SQL Server

This data destination connector sends data to a Microsoft SQL Server database.


Create a new configuration of the SQL Server data destination connector.

The first step is to Set Up Database Credentials. You need to provide a host name, user name, password, database name, and SQL Server version; optionally, an instance name if needed for the connection.

Screenshot - Save Credentials

We highly recommend that you create a dedicated credentials for the connector in your database. You can use the following SQL code to get started:

CREATE LOGIN writer_sample WITH PASSWORD = 'Writer_sample1';
CREATE DATABASE writer_sample;
USE writer_sample;
CREATE SCHEMA writer_sample_schema;
CREATE ROLE writer_sample_role;
CREATE USER writer_sample FROM LOGIN writer_sample WITH DEFAULT_SCHEMA=writer_sample_schema;
GRANT EXECUTE, CREATE TABLE TO writer_sample_role;
GRANT ALTER, SELECT, INSERT, UPDATE, DELETE ON SCHEMA :: writer_sample_schema TO writer_sample_role;
ALTER ROLE writer_sample_role ADD MEMBER writer_sample;

It is also possible to secure the connection using an SSH tunnel.

Table Configuration

The next step is to configure the tables to write. Click the Add new table button and select an existing table from Storage:

Screenshot - Select Table

The next step is to specify table configuration. Use the preview icon to peek at the column contents.

Screenshot - Table Columns

For each column you can specify its

  • name in the destination database; you can also use the select box in the table header to bulk convert the case of all names.
  • data type (one of SQL Server data types); you can also use the select box in the table header to bulk set the type for all columns. Setting the data type to IGNORE means that column will not be present in the destination table.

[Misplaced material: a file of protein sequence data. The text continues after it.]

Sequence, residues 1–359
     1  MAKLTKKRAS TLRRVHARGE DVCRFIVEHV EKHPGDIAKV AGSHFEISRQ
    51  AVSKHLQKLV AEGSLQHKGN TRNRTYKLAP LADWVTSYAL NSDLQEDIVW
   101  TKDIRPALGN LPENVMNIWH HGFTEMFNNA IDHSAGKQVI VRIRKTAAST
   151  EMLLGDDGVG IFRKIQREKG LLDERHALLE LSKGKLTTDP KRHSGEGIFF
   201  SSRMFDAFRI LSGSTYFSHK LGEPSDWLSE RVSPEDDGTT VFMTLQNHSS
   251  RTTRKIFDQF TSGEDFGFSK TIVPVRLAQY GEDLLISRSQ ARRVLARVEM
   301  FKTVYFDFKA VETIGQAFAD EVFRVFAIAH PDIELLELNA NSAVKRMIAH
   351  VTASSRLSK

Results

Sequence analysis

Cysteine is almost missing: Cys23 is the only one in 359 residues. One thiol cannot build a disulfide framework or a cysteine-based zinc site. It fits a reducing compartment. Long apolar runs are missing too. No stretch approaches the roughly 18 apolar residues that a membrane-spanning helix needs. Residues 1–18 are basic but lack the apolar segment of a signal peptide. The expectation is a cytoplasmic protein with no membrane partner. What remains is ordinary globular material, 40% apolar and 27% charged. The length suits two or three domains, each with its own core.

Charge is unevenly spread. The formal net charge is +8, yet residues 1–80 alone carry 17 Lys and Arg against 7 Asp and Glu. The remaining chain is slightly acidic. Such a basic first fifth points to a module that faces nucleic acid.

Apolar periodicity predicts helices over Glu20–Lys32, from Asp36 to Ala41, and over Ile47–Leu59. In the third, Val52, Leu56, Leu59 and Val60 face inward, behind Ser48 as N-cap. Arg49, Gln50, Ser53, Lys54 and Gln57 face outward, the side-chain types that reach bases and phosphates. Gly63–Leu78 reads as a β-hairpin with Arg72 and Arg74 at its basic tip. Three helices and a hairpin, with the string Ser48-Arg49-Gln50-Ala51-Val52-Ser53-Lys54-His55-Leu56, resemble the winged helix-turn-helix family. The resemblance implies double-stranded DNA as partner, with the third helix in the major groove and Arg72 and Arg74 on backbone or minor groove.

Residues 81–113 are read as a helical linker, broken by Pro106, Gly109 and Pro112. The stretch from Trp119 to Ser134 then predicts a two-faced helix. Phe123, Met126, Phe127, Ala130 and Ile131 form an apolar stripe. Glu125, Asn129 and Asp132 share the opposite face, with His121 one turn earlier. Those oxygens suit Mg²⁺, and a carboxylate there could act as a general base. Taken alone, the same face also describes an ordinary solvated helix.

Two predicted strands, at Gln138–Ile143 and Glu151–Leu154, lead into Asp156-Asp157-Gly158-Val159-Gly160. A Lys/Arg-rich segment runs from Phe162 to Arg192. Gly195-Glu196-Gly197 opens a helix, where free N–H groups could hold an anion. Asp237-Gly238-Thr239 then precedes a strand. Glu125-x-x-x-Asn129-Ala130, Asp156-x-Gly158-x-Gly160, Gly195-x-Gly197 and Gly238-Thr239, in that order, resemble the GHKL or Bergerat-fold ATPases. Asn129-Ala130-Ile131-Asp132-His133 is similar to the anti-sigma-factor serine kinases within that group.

• nullable; when checked, the column will be marked as nullable and empty values ('') in that column will be converted to NULL. Use this for non-string columns with missing data.
  • default value; the provided value will be set as the default value of the column in the target table.

When done configuring the columns, don’t forget to save the settings.

Load Options

At the top of the page, you can specify the target table name and additional load options. There are two main options how the data destination connector can write data to tables — Full Load and Incremental Load.

Screenshot - Table Options

In the Incremental Load mode, the data are bulk inserted into the destination table and the table structure must match (including the data types). That means the structure of the target table will not be modified. If the target table doesn’t exist, it will be created. If a primary key is defined on the table, the data is upserted. If no primary key is defined, the data is inserted.

In the Full Load mode, the table is completely overwritten including the table structure. The table is removed using the DROP command and recreated. The DROP command needs to acquire a table-level lock. This means that if the database is used by other applications which acquire table-level locks, the connector may freeze waiting for the locks to be released.

Additionally, you can specify a Primary key of the table, a simple column Data filter, and a filter for incremental processing.

Binary types

For binary types binary, varbinary, image, the following rules apply:

  • If value starts with 0x and length of the value is even number, then it is a HEX value according to the MsSQL specification (style 1).
    • Example: "0xabcdef" is converted to binary value 0xabcdef.
  • Else, the value is a string. MsSQL adds separator \0 after each char code, when storing string as the binary type.
    • Example: "0xabcde" is converted to binary value 0\0x\0a\0b\0c\0d\0e.
    • Example: "dog" is converted to binary value d\0o\0g\0.